Some properties will have expenses for unit turn-over included with repairs and maintenance. There’s nothing wrong with this; however, keeping track of unit turn-over expenses helps to monitor if the turn-over rate is excessive. This can be a sign of mismanagement or bad tenant qualifying.
Using different methods or services providers could reduce costs. Properties relying too much on contractors for routine maintenance can be improved to run more efficient. On smaller properties that only support an onsite manager, we’ve been able to train the manager to handle small ticket repairs and even help with cleaning and trash outs (depending on the situation).
Work that can be done in-house with the right tools or equipment will save money in the long term. On larger apartment complexes it’s common to have a commercial plumbers snake to allow a maintenance guy to unclog drains. This saves money instead of calling a plumber. Upgrading to more competently skilled maintenance will reduce the need for contractors. Any improvement in reducing this expense goes a long way to increasing value.
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One of our most successful methods to reduce apartment expenses is to get services provided by existing 3rd party vendors, to get re-bid. After purchasing a property, get quotes for services like landscaping, pool care, trash removal, pest control, etc. Some properties have security services that will increase this expense. Markets with unregulated utilities allow competition for electric power and/or other utilities. Most of the time, we get better pricing than what’s currently being paid.
Be mindful of property management’s reluctance to get new bids. A previous property manager wanted to use their preferred landscaper. After reviewing financials we immediately knew it was too high, based on experience. We reached out to companies to quote the job. We found a company quoting half what we were paying. Later we fired the property management company as they were not a good fit.
On a recent apartment acquisition the new property management company rebid the trash and landscaping. They saved tens of thousands of dollars for the operations. This expense is property specific but a range of $100-$200 per unit per year is reasonable. Refer to historical financials for accurate numbers.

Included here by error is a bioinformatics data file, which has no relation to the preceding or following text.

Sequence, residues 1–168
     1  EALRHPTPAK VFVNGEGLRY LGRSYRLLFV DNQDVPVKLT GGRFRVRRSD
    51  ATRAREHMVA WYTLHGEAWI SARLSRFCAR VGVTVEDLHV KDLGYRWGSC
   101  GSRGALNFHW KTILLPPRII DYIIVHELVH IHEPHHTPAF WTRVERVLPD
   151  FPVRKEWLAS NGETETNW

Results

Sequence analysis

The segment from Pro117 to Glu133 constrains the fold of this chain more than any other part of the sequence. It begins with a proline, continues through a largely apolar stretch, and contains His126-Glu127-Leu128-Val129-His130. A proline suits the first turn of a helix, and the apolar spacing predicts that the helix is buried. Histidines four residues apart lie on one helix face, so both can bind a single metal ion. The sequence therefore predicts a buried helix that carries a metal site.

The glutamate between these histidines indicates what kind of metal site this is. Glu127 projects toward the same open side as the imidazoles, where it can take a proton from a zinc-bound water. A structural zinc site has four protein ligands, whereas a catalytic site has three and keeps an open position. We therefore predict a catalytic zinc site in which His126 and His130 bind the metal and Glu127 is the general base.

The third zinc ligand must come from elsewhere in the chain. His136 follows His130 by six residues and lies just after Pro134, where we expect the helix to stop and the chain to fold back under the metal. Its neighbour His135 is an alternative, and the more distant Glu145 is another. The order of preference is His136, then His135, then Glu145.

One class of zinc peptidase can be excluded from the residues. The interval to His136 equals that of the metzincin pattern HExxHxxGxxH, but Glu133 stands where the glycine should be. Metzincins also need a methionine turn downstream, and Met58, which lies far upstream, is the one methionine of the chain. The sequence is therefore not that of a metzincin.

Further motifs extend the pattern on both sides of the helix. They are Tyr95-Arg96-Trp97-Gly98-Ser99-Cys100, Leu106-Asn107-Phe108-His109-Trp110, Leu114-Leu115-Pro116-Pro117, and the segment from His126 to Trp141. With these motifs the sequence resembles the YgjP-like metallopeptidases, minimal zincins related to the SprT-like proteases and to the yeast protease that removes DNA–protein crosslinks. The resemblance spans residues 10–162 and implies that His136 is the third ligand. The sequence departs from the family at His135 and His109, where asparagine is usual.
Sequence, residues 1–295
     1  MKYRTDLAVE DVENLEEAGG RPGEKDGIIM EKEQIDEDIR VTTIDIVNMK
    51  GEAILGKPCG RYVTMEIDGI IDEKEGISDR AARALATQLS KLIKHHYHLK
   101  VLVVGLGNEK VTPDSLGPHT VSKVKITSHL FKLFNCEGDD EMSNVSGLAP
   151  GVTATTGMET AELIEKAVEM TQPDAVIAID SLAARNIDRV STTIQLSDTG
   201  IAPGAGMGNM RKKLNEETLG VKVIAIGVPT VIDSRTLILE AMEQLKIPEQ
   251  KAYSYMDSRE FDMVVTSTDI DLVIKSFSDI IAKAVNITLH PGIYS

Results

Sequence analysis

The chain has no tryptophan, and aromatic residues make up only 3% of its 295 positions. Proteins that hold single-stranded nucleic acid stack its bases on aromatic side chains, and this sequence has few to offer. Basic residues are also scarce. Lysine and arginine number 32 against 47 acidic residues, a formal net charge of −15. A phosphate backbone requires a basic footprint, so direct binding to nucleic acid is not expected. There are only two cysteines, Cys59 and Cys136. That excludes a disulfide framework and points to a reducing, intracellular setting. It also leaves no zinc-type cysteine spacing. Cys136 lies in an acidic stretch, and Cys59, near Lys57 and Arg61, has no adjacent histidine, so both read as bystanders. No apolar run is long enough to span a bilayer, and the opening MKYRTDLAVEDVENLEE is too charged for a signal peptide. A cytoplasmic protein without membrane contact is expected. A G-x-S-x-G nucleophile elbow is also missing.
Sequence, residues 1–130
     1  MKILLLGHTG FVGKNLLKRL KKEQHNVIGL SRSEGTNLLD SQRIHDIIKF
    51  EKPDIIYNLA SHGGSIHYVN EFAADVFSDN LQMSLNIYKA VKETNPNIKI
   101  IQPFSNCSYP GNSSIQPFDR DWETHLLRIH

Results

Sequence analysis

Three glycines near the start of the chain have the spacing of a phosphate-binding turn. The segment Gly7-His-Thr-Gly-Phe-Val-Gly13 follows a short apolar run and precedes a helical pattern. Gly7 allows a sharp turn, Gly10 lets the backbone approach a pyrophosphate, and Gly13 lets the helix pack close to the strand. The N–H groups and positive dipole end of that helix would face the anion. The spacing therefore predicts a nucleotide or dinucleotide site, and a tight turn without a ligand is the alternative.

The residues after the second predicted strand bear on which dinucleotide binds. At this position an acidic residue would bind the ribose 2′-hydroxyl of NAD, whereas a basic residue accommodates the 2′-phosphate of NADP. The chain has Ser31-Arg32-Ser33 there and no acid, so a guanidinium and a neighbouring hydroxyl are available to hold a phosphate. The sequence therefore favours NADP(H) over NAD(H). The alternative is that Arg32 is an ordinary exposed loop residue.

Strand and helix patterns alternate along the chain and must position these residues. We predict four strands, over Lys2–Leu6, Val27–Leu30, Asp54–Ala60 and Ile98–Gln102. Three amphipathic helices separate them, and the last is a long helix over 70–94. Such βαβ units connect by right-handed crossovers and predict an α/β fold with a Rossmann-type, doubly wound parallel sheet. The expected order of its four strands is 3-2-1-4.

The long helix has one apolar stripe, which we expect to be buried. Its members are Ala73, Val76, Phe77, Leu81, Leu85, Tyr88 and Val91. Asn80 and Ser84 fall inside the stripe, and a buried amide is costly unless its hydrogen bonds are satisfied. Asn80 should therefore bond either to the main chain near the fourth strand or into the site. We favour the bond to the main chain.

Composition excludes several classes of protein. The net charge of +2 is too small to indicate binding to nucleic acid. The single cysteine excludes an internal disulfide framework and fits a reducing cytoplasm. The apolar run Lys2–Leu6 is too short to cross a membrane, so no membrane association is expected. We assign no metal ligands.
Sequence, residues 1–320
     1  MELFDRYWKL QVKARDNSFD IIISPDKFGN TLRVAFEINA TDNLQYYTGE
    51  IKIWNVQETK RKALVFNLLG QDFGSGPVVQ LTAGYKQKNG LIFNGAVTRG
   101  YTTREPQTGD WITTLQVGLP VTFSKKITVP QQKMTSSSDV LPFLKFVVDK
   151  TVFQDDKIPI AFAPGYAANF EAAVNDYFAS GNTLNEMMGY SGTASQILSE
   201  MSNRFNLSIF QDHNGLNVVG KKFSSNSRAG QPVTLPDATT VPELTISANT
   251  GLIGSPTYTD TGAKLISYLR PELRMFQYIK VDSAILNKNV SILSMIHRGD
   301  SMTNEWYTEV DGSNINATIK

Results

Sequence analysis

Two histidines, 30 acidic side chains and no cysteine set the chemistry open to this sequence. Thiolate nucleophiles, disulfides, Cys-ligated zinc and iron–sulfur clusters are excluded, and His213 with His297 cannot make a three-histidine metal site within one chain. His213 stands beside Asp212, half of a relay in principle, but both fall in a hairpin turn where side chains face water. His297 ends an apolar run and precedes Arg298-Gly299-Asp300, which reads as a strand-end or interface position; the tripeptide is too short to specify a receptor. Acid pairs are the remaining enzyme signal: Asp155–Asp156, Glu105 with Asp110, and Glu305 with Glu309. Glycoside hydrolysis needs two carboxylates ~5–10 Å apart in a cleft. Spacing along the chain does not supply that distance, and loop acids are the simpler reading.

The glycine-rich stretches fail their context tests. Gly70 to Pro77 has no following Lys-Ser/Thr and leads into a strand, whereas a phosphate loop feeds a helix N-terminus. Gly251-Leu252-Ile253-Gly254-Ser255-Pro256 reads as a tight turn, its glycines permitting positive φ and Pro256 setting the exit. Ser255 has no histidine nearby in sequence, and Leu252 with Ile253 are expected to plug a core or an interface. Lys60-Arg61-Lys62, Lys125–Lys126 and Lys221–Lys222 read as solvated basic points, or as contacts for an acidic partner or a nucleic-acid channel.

Most properties have electric utilities that are sub-metered. Other properties that are on a master meter and operate as “all bills paid” are not ideal. Some tenants will not conserve energy, unless they pay it themselves. This is especially true in extreme climate cities. You can implement a utility bill back system to recoup some of the cost. Just keep in mind if the competition operates as “all bills paid”. Don’t just assume that if a broker says you can bill back utilities that the market will still want to rent from you. If all things are equal and your building is the only one in the area charging back utilities, prospective tenants will bypass your building for the competition.
Updating common area lighting with long lasting LED lights is a good way of reducing maintenance and electric costs.
Water and sewer are typically master metered. You can save on water by updating kitchen and bath water fixtures to low-flow versions that help reduce water utility costs. This is a common activity with older buildings that with old toilets.
Natural gas that’s used for heating will fluctuate. In colder areas of the country spikes in gas occur due to demand for heat in the winter time. Keep this in mind and budget accordingly. Some utility companies offer a type of budget billing. They calculate the average from the previous year and spread that payment out over the next 11 months. On the 12th month any balance due is paid by the owner or a credit is applied for overpayments. When deciding on a property to buy, make sure you have financials showing utilities for the whole year. If you’re working with only 6 months of financials you could become unaware of a huge utility bill during the winter.
Fees for professional services such as property management, accounting and legal fees are common in larger multifamily properties. Any legal work is usually related to evictions or other tenant issues. Improving tenant screenings helps bring better qualified tenants, thereby reducing legal fees.